We’re at peak chocolate in February, snapping up tens of millions of pounds of the stuff and riding out the month on a sugar high.
Hearts filled with Valrhona have their place on Feb. 14, but so, too, should chocolate beers. Mindful of our enduring sweet tooths, brewers tread many roads to chocolate-dom: cacao nibs, cocoa husks, cocoa powder, added anywhere from the mash (brewing’s first stage) to fermentation.
The result is earthy, inky porters and stouts (mostly), fortifying, cold-weather styles that mesh well with the moody flavors of chocolate and are released seasonally each fall and winter. These beers may make lovers of IPAs wince: Some taste almost like liquid cocoa. Some are sweet, others almost syrupy. Gift-givers might despair that some come in decidedly unromantic cans.
Yet, they provide a viable alternative to sipping wine with chocolate (a practice I’ll never understand). Here’s a cull of what’s out on the shelves now, whittled down from about 10 I tried.
THE CLASSIC CHOCOLATE BEER Breakfast Stout, double-chocolate coffee oatmeal stout from Founders Brewing Co. Whereas some chocolate beers seem to wither under the weight of cocoa, this stout has a bitter backbone that keeps it lively. It still has plenty of weight, though — it’s brewed with multiple chocolates, oats and Kona and Sumatra coffees. It’s pretty easy to find, too. It’s 8.3 percent alcohol, about $10 for a 12-ounce bottle.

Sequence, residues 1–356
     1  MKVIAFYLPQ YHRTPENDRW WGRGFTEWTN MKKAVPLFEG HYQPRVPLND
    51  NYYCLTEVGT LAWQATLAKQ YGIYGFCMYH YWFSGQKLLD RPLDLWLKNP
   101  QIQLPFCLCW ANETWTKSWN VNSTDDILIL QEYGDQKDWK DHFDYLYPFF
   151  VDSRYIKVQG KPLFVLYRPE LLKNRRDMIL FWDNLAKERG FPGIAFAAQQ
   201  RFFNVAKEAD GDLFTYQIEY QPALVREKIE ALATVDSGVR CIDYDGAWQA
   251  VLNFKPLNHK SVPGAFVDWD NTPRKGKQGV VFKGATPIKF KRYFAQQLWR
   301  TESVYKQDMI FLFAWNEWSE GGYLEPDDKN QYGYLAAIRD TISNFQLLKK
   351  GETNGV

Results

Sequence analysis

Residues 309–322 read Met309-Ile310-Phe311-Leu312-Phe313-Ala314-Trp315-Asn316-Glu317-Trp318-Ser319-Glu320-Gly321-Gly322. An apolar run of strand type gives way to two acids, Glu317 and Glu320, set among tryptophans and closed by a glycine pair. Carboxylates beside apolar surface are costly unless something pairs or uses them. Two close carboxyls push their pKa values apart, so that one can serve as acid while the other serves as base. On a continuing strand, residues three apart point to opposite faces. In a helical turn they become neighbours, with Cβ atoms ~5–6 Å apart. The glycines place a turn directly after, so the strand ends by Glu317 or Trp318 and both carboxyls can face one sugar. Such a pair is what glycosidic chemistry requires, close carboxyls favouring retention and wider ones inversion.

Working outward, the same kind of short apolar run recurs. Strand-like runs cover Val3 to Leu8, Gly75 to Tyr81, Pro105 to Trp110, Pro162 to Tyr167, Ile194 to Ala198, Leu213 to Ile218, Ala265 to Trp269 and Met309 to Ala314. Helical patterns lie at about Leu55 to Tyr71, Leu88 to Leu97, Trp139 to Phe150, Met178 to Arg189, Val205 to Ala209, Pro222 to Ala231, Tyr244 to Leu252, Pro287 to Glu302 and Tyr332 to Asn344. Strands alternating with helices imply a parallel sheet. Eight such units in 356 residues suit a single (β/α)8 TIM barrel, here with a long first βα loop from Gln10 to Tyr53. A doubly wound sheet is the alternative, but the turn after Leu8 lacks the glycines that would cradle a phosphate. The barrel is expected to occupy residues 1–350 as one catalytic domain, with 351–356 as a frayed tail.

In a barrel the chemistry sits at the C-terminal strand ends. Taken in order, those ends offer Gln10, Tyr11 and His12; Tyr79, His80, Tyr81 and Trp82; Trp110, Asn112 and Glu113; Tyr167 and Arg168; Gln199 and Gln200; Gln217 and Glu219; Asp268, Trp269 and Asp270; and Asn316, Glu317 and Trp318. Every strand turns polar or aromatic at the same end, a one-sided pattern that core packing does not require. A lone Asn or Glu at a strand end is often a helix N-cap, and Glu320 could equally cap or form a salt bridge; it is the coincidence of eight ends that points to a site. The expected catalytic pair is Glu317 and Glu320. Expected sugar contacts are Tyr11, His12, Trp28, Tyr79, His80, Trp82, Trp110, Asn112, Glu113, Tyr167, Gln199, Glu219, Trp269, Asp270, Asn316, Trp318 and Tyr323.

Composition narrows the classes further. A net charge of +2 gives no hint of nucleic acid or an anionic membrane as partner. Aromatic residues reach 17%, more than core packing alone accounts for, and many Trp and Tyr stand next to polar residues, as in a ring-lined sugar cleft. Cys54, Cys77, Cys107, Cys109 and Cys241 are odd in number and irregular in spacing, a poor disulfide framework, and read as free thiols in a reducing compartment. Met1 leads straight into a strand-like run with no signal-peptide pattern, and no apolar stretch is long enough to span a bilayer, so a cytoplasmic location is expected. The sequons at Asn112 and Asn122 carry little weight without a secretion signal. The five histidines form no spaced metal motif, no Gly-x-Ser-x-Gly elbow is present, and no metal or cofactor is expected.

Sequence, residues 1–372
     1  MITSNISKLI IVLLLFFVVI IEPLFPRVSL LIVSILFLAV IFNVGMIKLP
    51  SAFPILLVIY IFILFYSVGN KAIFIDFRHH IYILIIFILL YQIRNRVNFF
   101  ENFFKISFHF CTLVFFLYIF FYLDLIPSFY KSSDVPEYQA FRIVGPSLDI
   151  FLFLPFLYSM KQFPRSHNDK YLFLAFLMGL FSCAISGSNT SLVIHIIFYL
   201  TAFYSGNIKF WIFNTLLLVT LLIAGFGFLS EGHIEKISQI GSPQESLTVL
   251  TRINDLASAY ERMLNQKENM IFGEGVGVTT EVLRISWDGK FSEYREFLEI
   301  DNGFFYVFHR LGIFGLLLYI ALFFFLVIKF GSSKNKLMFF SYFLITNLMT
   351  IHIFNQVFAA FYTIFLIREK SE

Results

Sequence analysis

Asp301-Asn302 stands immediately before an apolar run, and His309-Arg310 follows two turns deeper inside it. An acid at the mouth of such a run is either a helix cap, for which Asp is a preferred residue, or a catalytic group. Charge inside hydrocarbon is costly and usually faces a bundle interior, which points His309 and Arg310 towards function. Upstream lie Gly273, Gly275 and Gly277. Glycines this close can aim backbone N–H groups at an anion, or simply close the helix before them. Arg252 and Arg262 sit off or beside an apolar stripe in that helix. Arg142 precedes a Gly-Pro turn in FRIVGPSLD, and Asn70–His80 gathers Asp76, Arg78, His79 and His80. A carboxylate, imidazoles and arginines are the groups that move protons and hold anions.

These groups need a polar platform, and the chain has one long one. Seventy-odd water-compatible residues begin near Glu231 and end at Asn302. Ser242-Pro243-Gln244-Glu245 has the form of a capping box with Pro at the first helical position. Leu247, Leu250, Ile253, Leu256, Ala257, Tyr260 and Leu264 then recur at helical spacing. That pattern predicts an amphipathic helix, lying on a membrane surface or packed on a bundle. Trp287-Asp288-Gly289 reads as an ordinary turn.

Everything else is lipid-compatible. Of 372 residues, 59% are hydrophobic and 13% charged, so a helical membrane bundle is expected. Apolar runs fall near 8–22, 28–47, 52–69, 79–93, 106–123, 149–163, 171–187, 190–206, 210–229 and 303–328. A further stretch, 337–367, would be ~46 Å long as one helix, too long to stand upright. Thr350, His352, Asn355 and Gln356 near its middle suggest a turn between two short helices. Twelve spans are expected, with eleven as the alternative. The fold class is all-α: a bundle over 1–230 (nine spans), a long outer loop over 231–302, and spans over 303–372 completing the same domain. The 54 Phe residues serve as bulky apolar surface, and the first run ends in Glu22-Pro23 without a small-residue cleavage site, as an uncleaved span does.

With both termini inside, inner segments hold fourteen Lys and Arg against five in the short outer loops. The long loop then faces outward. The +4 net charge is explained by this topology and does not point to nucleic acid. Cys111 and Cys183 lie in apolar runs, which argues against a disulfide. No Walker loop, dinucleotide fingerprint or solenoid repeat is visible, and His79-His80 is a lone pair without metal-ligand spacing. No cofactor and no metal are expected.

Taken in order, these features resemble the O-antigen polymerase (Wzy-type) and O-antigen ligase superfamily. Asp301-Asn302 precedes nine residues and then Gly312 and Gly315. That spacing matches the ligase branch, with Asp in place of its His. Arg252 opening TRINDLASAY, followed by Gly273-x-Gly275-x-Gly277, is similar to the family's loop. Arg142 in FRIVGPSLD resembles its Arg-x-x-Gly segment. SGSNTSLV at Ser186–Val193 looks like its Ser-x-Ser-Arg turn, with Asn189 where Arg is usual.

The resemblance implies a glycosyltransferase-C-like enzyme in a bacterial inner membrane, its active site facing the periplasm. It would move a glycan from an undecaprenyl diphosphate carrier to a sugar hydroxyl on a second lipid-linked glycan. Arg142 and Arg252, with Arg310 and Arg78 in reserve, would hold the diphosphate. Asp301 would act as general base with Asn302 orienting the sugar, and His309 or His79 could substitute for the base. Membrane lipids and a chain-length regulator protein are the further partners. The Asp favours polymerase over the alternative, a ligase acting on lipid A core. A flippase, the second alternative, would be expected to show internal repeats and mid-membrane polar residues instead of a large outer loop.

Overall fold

A DEEP, DARK CHOCOLATE BEER Choklat Stout from Southern Tier Brewing Co. This creamy beer is like drinking thick, iced hot chocolate, sans the sugar. Fermented with bittersweet Belgian chocolate, it’s billed as a dessert beer but isn’t terribly sweet. It’s 10 percent alcohol, about $18 for four (12-ounce) bottles.
A CHOCOLATE BEER WITH ZESTINESS Against the Cacau from Cervejaria Way (aka Way Beer). Bucking the trend of chocolate-tinged porters and stouts, this brown ale is a collaboration between the Brazilian brewery known as Way Beer and the Louisville brewpub Against the Grain. It’s copper-tinged and creamy, but still bitter enough to bridge Romeo-Juliet romances between hopheads and malt lovers. Pop open the cheerful yellow can, which is decorated with flying tangerine wedges and chocolate segments, for a delicious, juicy, slightly tropical ale laced with the ghost of cocoa. It’s 6.2 percent alcohol, $7 for a 16-ounce can.